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An autosampler is commonly a device that is coupled to an analytical instrument providing samples periodically for analysis.[1] An autosampler can also be understood as a device that collects samples periodically from a large sample source, like the atmosphere or a lake, for example.

Autosamplers enable substantial gains in productivity, precision and accuracy in many analytical scenarios, and therefore are widely employed in laboratories.


An autosampler normally consist of an automated machine or robotic device that can either bring the sample to a sampling station, or bring a sampling device to the sample that stays on a tray (or carousel) along with other samples.

Autosamplers for solids

An autosampler for solid samples for gamma ray measurement
An autosampler for solid samples for gamma ray measurement

Some autosamplers for solids are used in conjunction with elemental analyzers.[2] Common models consist of a carousel that holds the samples that are commonly wrapped in metal (usually tin or silver) foil. Usually, by spinning by the carousel a fixed number of degrees, a sample falls into the reactor, which is constantly purged by a carrier gas (He, for example).[2]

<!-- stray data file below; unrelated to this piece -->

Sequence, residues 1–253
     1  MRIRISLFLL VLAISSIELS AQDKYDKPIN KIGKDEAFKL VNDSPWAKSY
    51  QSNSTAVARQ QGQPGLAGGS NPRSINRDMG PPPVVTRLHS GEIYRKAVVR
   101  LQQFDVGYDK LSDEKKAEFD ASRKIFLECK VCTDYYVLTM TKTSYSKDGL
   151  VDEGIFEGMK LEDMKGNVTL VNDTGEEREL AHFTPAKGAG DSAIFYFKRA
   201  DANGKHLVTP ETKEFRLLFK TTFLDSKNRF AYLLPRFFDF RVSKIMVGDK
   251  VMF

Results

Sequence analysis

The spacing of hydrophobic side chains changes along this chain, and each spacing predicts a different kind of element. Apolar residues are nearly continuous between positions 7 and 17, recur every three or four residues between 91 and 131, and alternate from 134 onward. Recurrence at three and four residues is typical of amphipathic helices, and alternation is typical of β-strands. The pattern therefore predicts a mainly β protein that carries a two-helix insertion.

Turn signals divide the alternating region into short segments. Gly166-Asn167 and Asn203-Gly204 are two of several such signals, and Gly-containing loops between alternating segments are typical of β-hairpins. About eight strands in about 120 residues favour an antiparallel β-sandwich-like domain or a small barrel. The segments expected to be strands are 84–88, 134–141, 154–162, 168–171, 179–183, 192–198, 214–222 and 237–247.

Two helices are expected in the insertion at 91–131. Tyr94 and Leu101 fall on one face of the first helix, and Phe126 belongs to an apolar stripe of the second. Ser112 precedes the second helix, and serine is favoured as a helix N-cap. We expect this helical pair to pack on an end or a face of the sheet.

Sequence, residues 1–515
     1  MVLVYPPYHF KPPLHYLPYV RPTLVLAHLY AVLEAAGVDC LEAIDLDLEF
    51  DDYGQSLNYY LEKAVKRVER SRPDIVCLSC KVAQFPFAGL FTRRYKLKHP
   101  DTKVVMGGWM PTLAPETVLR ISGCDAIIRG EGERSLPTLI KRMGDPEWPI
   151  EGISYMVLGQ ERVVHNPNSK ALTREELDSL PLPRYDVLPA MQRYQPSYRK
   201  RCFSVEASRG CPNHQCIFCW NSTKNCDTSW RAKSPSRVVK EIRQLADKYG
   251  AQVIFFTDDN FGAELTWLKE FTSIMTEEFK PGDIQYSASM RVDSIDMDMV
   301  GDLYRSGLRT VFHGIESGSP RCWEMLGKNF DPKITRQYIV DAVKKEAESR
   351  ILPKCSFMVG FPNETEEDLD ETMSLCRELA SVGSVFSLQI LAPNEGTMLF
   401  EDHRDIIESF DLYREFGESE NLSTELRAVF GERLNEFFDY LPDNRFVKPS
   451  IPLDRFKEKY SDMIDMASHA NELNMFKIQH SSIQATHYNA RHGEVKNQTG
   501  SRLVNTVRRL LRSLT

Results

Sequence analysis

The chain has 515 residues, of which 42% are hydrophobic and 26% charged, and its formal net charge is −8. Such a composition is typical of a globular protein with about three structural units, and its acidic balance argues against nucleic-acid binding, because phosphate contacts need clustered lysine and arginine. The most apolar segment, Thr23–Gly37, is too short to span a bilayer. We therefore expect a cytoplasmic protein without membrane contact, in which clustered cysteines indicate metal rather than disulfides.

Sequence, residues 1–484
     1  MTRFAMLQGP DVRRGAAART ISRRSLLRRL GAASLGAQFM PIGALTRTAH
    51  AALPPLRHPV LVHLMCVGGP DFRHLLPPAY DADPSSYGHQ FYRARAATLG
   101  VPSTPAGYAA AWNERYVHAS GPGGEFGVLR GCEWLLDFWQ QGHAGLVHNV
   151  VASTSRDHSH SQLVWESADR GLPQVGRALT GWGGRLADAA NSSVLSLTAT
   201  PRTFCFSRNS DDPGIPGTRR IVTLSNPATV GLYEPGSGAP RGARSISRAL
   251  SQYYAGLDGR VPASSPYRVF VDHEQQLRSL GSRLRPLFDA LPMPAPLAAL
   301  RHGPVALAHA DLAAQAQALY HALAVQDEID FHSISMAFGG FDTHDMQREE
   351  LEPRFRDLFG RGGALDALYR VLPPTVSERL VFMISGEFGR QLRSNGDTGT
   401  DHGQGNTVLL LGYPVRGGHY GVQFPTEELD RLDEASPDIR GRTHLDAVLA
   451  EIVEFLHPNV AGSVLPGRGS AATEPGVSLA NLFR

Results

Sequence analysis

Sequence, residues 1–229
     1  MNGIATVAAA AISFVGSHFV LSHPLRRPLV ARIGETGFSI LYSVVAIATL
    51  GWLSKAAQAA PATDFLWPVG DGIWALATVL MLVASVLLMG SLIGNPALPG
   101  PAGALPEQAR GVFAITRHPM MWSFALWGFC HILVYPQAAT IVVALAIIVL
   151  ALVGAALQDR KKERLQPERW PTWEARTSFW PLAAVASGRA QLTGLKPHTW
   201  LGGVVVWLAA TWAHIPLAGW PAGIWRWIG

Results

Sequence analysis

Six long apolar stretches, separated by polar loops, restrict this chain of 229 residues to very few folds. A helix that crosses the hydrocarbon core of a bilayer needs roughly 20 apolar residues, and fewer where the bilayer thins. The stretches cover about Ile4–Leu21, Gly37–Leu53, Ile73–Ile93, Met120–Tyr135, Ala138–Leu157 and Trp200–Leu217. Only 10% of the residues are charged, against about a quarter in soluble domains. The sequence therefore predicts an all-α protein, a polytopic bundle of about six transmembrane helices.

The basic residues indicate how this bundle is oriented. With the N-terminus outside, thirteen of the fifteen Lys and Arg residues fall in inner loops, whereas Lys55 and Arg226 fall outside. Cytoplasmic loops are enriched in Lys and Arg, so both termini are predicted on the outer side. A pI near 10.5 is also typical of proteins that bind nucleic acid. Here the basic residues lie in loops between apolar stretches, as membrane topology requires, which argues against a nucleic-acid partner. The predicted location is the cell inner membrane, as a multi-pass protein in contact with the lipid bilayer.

Other autosamplers for solids can be used for non-destructive analyses as well, like weighing and gamma ray measurements,[3] for example. In these cases, a mechanism brings the sample to the analyzer and, when the measurement is finished, it removes the sample, thus allowing a consecutive measurement.

Autosamplers for liquids

An autosampler for liquid or gaseous samples based on a microsyringe
An autosampler for liquid or gaseous samples based on a microsyringe

Autosamplers for liquids work along many kinds of machines that perform different kinds of chemical measurements, like titrators, gas chromatographers, liquid chromatographers, water analyzers (like total carbon analyzers, dissolved inorganic carbon analyzers, nutrient analyzers) and many others.

A field-based autosampler for collection of water quality samples